Our Blog - Toulouse Roman Amphitheater

One of the interesting things about living in Europe is the history .. and I don't mean back a couple hundred years but a couple THOUSAND years! In the Toulouse district of Purpan is a Roman amphitheater which was built in the 1st century, and was used for gladiator combats until very late in the 4th Century. It is an elliptical arena constructed of brick and opus caementicium (roman concrete) and measures 115 meters long (about 377 feet) and 59 meters (193 feet) wide. It would have had the main floor where the combats took place, bordered by a wall. Above that wall, built on the slopes of land, would be 2 different sets of seats: the first for the "important" dignitaries and then a section for the ordinary people. One thing to note is that this is *not* in the Roman city of Tolosa (Toulouse), but really outside in the countryside, which pulled in people both from the city as well as all of the surrounding areas. The first excavations were carried out between 1837 and 1899, but then nothing happened again until 1961. At that point in time, the full foundations of the structure were found.

At the entrance is this statue of Athena, or rather, a replica of the original which is in the Musee Raymond in Toulouse. The original itself is a copy of a Roman statue of Athena which dates to the 5th century BC.

Here is now a set of pictures .... You'll be able to get an idea of what is left. The arena floor is below ground level, and the arena in the shape of a bowl (kinda). They removed dirt from the center and used that dirt to built up slopes on all sides. This allowed them to then install the tiered seats up the slope. The large pillars would have been the pillars between which would have been doors that allowed the people to enter and leave the seating area.

Here is Tom looking like a proud gladiator. And then both Tom and Susan at one of the pillars.

The gladiators themselves would have entered through a tunnel, although we only have this one arch showing. But you can still see the bases of the start of the tunnel (2nd and 3rd pictures).

Some of the brick shown is original and some is "new" brick used to somewhat rebuild a little bit of the arena. Here you can clearly see the difference. In the first picture, the top 9 rows are "new", but the rest of the bricks are actually original bricks from the 1st through 4th centuries. In the 2nd picture, it is also very obvious ... the bottom non-red ones are original but they are topped by a few rows of new bricks.

It is a bit hard to see here, but there are stones basically in the ground which are additional parts of the foundation.

This area, where the bottom wall has an opening, would be where the "honored attendees" would have sat, like the person who organized the gladiator event. He would have entered the arena from the tunnel, did a little loop around the arena, then stopped here and walked up to his seats.

I mentioned that at the floor, there was a wall, which is shown here. This protected the first level of spectators from the gladiators and animals that may be on the arena floor.

This was our guide, and behind her is one of the entrances/exits where the spectators would have entered and exited the seating area through. The top part is original, and while the bricks you can see are new, as you go through the tunnel, the majority of the tunnel itself are original bricks.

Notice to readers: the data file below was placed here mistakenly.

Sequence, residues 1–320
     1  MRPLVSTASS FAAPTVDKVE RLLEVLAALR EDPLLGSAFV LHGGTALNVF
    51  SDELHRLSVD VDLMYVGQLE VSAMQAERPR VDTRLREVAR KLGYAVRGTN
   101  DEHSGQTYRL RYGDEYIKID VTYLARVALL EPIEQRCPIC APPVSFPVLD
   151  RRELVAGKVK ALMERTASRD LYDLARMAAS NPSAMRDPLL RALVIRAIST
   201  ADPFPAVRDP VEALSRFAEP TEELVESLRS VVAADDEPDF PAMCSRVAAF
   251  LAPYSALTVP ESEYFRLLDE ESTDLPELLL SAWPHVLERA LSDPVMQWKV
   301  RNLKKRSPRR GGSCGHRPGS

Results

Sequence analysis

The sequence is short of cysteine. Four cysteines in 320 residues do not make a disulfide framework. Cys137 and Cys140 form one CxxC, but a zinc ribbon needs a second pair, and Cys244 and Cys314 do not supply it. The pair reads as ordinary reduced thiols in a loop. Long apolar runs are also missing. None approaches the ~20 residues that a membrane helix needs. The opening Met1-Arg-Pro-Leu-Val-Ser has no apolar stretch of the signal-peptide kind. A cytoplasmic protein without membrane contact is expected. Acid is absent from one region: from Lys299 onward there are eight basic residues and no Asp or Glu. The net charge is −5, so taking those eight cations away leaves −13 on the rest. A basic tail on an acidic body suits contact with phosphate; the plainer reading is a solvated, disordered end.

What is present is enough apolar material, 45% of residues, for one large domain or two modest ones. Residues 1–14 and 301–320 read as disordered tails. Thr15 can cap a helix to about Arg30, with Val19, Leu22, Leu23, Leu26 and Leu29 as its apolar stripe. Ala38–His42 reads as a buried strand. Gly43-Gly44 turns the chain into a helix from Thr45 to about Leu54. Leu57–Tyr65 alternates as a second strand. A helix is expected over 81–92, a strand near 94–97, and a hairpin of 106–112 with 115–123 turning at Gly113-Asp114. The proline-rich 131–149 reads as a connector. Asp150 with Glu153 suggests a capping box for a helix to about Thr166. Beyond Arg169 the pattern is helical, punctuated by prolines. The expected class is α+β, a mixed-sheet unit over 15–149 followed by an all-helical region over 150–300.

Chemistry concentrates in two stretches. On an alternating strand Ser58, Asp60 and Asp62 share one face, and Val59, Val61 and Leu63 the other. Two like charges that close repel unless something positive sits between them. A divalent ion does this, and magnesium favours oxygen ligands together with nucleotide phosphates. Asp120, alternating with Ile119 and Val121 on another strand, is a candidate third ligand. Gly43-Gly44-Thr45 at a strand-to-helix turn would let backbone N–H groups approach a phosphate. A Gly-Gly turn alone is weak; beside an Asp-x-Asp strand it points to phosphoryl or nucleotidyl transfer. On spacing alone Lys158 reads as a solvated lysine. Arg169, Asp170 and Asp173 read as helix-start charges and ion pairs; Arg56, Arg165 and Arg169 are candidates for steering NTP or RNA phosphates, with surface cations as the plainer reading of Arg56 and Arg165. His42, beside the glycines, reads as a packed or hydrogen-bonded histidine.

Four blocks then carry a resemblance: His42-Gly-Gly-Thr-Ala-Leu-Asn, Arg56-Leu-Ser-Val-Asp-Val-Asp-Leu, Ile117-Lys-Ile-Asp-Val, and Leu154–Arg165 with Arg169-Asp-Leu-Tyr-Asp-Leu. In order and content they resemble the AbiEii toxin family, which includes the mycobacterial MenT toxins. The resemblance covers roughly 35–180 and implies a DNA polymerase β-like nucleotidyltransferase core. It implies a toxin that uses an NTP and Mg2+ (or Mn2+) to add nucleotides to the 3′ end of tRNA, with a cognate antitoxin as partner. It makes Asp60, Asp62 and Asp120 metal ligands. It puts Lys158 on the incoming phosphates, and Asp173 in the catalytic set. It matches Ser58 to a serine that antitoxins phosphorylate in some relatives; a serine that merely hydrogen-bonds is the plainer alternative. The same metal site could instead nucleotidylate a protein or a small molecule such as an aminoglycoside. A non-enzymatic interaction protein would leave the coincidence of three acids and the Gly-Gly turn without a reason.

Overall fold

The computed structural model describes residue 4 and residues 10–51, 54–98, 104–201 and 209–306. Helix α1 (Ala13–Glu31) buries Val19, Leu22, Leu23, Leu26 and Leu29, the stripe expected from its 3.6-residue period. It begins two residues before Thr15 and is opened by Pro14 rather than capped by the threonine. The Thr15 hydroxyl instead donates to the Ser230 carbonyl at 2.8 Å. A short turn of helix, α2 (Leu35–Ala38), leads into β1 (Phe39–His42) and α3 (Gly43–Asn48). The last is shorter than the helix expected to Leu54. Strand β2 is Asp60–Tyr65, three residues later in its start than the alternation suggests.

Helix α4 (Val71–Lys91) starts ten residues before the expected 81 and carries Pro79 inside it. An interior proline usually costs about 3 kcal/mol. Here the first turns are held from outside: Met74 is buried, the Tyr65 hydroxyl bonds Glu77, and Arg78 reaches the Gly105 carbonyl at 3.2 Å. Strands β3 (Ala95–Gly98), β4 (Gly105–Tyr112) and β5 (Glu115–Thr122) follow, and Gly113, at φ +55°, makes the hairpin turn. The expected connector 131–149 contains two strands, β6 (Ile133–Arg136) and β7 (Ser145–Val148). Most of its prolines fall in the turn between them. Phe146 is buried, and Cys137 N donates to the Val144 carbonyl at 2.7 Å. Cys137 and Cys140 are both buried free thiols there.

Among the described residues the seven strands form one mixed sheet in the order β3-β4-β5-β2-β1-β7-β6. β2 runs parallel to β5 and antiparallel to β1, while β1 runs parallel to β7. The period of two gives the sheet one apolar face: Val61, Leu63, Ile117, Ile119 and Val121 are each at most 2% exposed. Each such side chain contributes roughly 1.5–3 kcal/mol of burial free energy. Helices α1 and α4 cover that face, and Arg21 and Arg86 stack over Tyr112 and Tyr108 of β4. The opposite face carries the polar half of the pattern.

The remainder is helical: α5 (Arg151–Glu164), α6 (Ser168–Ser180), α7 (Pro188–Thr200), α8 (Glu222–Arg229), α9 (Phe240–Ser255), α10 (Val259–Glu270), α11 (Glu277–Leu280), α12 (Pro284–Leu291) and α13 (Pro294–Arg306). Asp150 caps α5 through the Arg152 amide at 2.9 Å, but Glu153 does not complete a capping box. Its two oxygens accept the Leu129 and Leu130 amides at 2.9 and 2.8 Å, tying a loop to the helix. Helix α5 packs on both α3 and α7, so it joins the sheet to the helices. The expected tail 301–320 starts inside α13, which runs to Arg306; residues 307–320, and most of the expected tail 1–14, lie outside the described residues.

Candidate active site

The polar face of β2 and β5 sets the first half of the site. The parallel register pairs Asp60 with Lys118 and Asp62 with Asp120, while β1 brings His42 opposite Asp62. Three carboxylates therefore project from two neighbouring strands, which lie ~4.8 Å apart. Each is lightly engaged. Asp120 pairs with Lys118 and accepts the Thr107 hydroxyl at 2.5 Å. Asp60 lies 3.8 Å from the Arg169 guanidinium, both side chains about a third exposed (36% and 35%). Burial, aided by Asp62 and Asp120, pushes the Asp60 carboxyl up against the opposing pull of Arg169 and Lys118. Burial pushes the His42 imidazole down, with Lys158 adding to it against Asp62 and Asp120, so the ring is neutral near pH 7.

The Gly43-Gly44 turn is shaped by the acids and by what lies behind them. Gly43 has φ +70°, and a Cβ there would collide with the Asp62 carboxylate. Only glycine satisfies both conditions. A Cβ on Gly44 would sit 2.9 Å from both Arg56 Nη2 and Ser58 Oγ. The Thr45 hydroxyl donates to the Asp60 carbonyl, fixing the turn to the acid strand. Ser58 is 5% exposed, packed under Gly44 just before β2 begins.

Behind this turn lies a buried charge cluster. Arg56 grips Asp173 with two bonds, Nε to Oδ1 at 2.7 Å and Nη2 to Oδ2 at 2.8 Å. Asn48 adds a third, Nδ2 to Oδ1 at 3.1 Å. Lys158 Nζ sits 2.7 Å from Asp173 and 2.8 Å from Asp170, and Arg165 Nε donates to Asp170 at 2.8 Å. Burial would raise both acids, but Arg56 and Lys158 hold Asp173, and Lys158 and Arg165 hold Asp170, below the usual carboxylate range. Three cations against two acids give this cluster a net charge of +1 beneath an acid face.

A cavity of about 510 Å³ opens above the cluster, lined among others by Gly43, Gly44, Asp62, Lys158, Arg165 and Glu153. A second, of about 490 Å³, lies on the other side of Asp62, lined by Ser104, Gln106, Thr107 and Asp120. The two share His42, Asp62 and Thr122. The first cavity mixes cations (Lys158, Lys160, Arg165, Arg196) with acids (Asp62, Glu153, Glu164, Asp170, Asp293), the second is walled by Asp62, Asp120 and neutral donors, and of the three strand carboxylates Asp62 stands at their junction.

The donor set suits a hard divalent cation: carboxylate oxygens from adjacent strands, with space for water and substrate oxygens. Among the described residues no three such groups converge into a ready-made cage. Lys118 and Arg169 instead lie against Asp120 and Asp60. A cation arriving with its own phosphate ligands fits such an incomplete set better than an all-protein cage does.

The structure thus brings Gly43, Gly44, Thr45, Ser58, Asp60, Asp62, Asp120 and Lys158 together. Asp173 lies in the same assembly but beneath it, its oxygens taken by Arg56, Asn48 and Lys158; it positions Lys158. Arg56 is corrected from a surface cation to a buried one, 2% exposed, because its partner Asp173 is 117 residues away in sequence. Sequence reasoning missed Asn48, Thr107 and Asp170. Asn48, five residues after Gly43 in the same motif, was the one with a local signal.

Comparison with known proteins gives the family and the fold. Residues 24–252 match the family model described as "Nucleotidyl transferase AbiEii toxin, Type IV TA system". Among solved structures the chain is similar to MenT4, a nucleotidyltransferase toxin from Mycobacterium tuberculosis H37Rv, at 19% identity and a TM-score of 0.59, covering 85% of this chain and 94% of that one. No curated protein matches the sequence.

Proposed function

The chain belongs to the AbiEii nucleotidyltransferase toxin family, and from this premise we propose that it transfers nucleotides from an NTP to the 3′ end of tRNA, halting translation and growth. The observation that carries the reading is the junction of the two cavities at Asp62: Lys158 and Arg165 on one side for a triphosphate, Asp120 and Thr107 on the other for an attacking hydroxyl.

This is a close-up of the "Roman concrete", which contained rocks from the nearby rivers along with various other materials that they used to build the walls and pillars. As you can imagine, since these are still there, this was very, very, VERY strong.

And a few final pictures to try to get a more full view ...

So, anyone can go visit the amphitheater ruins (2 euros) but this next part can only be seen if you pay the extra 3 euros for the guided visit. About a 6 or 7 minute walk over past a hospital and into an apartment complex, and then down into the basement of an apartment building and past a couple of motorcycles parked there, and voila ... you come across the remains of an ancient thermal complex. There is actually a drawing in the concrete of what it looks likes by the person who led the excavation in 1968 (when they were building the apartment block). The blue is the main thing that you see here, which was a cool-water bath/pool. The channels are drains where the water would be removed, which eventually would flow into the Garonne River. The red blocks are hot thermal baths.

Mostly I'll just have the pictures here ... but you can see the walls of the bath along with steps at the corners where people would enter. It is quite a large bath!

This is what used to be a sarcophagus, which was repurposed to hold water within the thermal bath complex.

Outside of the pool itself was an area to relax, and within this area, they found various mosaics, which are shown mounted.

One interesting thing also is that each of the bricks or tiles were stamped to indicate who created them.

There were several hot baths, as well as heated floors and walls in a sauna-like area. Here is an example of the floor heating ... the top is the marble floor, and it gets heated from below with hot air blowing through the spaces underneath. The same type of hot air heating was done also on the walls, and there is a picture that indicated how the hot air (air chaud) would blow up between the full wall and these tiles with "feet" that created the space for the air to circulate.

These are actually the various drains.

That's it for today ... again, we were really glad that we went ahead and got the guided tour. It allowed us to see the baths (which are private and you can't see by yourself) but also learned a bit more than we would have without it ... even though we only caught about 70% of what she said.